By Hayden MacKinnon
Hayden, also know as @steelandbonepoetry, is the Associate Editor for Her Heart Poetry’s auxiliary channel, @herheartoncraft, which focuses specifically on lessons designed to improve your poetry writing skills.
As I hid under the table, clutching the chrome legs of my second-grade desk, I could hear my teacher reading a poem I had written a few days before to none other than my mother and father. She kindly praised my use of imagery, descriptive language, and the ways I established a sense of voice – high praise, indeed, for an eight-year-old!
You see, even though I was still young, I was already learning what it meant to be male and masculine – to be a “real man.” When I wrote that poem, I unearthed a part of myself that was authentic and creative, a part of me that found joy in capturing beautiful images with words, and as I sat under the desk trying to understand why my teacher would take the time to share something so personal with my parents of all people, I found myself struggling to accept that part of me which was absolutely indispensable.
I’ve been writing in some form ever since that day twenty-something years ago, but those moments under the table stayed with me as some of the most defining instances of what it means to be a man who writes poetry in the 21st century.
As the years passed, I continued to form my own ideas of masculinity and the discrepancies between who I was and who society said I should be became increasingly clear. I saw male athletes, movie stars, weightlifters, etc, all of whom displayed physical strength, grit, attitude, and toughness but when I tried to show any of those qualities, I failed miserably.
I was usually the stereotypical “last pick” on the playground, because instead of playing sports or fighting, I prefered burying myself in a good book or visiting the library. For ages I struggled with the fact that the only thing I was able to build was a pillow fort or a LEGO playset, and it felt like whatever I did, I was never good enough, that I never added up, and that because I was so in love with books, words, and writing, I was somehow less of a man. That skewed mentality of manhood continued throughout my teens and twenties, where I even brought it into my marriage, and it continued until I reached my thirties, when the light finally appeared.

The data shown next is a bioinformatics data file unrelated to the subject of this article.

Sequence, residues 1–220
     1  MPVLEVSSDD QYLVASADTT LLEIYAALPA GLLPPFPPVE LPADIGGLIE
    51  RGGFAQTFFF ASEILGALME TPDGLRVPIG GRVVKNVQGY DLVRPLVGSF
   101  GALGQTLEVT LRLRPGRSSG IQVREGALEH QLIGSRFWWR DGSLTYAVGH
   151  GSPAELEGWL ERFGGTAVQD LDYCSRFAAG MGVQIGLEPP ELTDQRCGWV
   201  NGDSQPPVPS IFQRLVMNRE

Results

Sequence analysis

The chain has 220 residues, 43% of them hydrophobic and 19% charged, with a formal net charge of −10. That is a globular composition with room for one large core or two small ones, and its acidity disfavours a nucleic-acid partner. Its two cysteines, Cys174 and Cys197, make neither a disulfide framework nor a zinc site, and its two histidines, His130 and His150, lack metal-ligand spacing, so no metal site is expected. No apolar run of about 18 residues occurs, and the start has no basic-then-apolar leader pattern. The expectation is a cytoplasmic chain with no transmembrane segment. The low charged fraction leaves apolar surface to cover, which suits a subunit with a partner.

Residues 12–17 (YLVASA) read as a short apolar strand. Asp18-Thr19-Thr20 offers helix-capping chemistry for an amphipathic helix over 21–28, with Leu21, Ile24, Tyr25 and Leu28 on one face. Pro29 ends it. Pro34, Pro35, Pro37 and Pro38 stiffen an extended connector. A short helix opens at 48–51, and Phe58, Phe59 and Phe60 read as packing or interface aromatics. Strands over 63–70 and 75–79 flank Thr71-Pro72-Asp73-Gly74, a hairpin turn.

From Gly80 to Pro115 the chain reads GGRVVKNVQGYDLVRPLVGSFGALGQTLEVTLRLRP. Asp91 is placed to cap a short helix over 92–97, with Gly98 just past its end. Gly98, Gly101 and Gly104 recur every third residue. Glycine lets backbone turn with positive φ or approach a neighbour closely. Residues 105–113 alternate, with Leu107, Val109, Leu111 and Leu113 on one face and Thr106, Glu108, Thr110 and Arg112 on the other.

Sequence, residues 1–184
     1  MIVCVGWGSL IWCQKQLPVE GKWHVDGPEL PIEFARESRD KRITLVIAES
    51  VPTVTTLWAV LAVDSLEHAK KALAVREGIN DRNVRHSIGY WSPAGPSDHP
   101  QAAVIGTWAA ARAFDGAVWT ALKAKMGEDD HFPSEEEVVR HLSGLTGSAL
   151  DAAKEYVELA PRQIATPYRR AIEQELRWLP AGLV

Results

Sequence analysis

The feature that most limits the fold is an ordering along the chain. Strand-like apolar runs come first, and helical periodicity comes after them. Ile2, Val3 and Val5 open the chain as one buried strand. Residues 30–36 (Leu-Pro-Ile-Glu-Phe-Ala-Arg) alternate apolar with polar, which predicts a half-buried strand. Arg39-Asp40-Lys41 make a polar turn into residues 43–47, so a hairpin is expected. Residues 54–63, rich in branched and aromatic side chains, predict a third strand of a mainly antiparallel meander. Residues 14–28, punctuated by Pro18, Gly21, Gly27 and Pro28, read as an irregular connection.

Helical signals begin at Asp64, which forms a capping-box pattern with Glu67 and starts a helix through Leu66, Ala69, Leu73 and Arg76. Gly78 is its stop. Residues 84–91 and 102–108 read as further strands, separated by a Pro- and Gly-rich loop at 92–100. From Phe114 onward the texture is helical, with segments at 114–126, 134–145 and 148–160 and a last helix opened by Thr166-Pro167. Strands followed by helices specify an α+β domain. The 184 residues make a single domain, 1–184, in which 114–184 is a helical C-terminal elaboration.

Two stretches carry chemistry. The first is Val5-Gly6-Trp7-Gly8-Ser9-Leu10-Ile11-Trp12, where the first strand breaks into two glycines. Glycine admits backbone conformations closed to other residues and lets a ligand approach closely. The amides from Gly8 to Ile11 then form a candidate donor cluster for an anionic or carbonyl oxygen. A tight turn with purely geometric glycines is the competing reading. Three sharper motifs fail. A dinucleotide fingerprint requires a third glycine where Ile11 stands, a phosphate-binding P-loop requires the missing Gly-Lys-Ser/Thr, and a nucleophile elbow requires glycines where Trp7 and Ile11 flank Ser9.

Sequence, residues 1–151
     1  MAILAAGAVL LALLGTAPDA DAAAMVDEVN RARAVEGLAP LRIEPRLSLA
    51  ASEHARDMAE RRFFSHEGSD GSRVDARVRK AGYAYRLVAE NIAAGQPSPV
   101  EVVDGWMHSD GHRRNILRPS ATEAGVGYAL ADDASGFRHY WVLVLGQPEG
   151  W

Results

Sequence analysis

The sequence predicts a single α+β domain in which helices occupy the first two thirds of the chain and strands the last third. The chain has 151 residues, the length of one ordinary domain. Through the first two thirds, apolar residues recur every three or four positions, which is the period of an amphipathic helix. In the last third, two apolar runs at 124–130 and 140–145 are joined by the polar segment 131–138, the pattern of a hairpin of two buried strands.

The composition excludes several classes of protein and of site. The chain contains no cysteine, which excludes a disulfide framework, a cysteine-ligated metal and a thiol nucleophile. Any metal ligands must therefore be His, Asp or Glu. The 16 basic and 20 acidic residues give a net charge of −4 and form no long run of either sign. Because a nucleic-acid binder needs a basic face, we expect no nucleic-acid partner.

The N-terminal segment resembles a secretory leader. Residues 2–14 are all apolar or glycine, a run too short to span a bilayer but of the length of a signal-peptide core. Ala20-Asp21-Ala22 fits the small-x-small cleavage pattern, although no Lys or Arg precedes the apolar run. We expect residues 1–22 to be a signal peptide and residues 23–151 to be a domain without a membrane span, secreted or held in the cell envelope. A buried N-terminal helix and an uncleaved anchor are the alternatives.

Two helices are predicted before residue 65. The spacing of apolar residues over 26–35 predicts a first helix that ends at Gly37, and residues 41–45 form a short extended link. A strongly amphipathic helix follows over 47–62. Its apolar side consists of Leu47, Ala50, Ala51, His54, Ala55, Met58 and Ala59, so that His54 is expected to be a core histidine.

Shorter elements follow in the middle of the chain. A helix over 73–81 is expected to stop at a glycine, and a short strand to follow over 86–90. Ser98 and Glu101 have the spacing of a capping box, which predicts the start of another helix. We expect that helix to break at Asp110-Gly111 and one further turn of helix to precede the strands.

I’m not entirely sure whether they combusted spontaneously, or as more of a slow, steady burn, those ridiculous ideas, that a man had to be hard as a rock, good with a chainsaw, and never show his emotions. I’d dabbled for years in different genres of writing including short stories, non-fiction articles, and I even tried my hand at writing a novel, but while they all helped in some small way to dispel those societal definitions, ultimately they left me with little more than a heap of unfinished projects to which I had no desire to return and the jaded, disillusioned feelings that nothing I did would ever be “good enough.”
Reading and studying poetry had always been enjoyable (good thing, too, since it was the heavy focus of my degree in English Literature), but I had never really committed to writing it on a consistent basis. In 2017, I made the decision to start a poetry-based Instagram account, and it was one of the best decisions I’ve ever made. Poetry has helped me to accept that creativity is something that defines and drives me, something I truly cannot live without – and certainly not something of which I should be ashamed.
Moreover, I now understand that true masculinity is not found in one’s outward actions but in the strength of a man’s character and the ways that he uses that strength to positively affect the world around him.
Write about it!
What has your journey through masculinity and poetry taught you?
What truths have been revealed since that first time you committed your creative mind to writing poems?
Write a poem telling us about some of the lessons you’ve learned, and be as specific or vague as you’d like! Either way, just tell the world about how poetry has helped to reshape your masculinity in healthy ways instead of the toxic ways society would have you buy into.
When you’re done writing, post it to Instagram, and use the tag, #healthymasculinity. Who knows? Maybe you’re poem will be featured!
Thanks for reading!